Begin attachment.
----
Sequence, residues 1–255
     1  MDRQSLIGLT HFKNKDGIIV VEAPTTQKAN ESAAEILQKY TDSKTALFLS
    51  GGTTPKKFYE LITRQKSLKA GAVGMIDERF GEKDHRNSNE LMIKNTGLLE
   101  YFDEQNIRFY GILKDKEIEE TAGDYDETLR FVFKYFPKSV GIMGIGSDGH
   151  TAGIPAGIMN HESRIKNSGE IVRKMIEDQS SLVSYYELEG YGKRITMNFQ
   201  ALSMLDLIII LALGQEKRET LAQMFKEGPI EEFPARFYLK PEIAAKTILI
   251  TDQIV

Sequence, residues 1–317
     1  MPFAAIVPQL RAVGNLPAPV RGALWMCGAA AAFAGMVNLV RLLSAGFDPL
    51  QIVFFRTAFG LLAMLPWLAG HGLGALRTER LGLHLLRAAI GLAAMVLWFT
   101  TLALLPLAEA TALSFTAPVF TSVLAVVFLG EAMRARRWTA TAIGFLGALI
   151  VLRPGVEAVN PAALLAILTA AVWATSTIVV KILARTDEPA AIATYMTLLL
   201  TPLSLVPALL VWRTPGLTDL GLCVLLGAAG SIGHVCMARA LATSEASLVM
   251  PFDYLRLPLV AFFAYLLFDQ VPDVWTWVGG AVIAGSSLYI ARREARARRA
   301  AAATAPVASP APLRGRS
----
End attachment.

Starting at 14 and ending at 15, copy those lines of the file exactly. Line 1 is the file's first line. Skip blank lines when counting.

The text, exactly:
   251  PFDYLRLPLV AFFAYLLFDQ VPDVWTWVGG AVIAGSSLYI ARREARARRA
   301  AAATAPVASP APLRGRS